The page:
Money management in blended and nuclear families
In Finland, 9% of the families with children are blended families. Though both the absolute number and the proportion of blended families is increasing throughout Europe, there is still little research information available on how they manage their finances. Blended families are an interesting group to study because their money management is clearly more complex than that of traditional nuclear families. In this paper I examine the extent of the differences between blended and nuclear families in money management, with special reference to bank accounts and the conducting of payments. I also seek to identify factors explaining the differences discovered. The research data comes from an Internet survey conducted in November 2006, which yielded answers from 469 Finnish families with children. The results, confirming earlier findings, suggested that money management is more separated in blended families than in nuclear ones. In nuclear families, both the bank accounts and the paying of expenditures are consistently managed jointly, whereas the spouses in blended families prefer separate bank accounts and display several different practices in the paying of common expenditures. In nuclear families the adults pay the expenditures together, but in blended ones they are responsible for the expenditures of their own biological children.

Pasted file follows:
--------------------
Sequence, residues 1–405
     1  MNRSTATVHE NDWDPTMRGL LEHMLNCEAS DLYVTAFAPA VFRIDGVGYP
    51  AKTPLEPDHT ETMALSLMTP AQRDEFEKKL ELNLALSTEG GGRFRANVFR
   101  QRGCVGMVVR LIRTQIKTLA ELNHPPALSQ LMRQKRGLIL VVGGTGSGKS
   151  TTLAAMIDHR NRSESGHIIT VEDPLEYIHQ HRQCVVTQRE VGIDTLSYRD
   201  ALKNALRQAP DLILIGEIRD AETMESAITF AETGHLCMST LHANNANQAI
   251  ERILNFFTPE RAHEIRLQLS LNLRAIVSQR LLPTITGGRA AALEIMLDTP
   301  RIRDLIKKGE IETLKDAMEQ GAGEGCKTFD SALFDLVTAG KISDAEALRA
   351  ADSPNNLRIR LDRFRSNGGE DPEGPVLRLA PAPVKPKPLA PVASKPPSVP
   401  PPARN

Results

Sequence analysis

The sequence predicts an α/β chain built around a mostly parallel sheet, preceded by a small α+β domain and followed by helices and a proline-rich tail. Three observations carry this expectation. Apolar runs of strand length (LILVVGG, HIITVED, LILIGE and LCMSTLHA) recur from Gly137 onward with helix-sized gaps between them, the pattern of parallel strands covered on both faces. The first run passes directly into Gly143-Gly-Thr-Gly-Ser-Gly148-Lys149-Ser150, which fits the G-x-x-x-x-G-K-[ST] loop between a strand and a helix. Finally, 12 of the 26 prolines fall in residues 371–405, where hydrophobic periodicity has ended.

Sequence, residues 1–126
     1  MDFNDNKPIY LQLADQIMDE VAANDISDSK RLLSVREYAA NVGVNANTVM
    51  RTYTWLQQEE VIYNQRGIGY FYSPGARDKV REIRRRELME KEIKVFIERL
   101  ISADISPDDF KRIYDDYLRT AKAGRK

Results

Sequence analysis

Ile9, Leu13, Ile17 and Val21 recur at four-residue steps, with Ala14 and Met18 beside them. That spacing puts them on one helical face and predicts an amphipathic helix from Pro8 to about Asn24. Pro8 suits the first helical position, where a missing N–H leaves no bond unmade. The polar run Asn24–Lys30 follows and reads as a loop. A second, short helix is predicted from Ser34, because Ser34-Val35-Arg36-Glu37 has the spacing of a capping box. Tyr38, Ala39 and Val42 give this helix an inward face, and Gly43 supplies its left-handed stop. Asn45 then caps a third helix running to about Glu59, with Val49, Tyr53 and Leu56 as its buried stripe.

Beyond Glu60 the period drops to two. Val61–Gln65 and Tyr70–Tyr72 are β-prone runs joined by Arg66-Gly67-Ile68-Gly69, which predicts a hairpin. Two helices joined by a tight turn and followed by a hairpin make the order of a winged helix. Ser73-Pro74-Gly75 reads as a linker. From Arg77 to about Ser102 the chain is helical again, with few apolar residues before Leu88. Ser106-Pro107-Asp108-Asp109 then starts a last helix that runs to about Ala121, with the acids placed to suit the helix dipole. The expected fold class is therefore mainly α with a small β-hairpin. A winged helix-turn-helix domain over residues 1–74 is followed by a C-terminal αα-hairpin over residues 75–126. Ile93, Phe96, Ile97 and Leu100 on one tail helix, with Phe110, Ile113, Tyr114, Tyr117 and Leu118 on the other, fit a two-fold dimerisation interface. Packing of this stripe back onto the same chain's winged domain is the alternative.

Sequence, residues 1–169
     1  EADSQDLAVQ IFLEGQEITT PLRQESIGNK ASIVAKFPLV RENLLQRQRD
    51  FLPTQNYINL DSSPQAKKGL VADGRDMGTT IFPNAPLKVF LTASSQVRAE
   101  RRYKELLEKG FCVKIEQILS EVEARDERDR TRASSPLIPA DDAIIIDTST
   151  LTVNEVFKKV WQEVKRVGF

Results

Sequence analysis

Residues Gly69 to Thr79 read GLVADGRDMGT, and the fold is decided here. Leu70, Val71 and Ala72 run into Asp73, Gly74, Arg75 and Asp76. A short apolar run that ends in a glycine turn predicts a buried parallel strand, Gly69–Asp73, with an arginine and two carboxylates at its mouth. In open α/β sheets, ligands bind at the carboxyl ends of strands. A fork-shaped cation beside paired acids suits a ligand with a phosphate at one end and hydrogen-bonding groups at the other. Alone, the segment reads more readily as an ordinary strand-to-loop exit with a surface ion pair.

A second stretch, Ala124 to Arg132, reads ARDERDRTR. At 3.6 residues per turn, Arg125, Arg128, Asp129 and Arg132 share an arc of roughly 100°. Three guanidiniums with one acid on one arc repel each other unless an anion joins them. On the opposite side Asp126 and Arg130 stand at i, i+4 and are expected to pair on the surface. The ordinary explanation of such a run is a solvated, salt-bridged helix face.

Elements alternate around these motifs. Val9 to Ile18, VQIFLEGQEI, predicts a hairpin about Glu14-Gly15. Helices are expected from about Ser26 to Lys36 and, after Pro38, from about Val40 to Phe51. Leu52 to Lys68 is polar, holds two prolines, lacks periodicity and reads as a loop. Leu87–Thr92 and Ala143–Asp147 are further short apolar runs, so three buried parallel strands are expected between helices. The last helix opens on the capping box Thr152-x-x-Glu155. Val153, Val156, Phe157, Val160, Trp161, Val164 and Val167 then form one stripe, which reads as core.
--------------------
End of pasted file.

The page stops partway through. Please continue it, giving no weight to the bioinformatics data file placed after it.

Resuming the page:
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- Barlow, Anne, 2008. "Cohabiting relationships, money and property: The legal backdrop," Journal of Behavioral and Experimental Economics (formerly The Journal of Socio-Economics), Elsevier, vol. 37(2), pages 502-518, April.
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- Vogler, Carolyn & Brockmann, Michaela & Wiggins, Richard D., 2008. "Managing money in new heterosexual forms of intimate relationships," Journal of Behavioral and Experimental Economics (formerly The Journal of Socio-Economics), Elsevier, vol. 37(2), pages 552-576, April.
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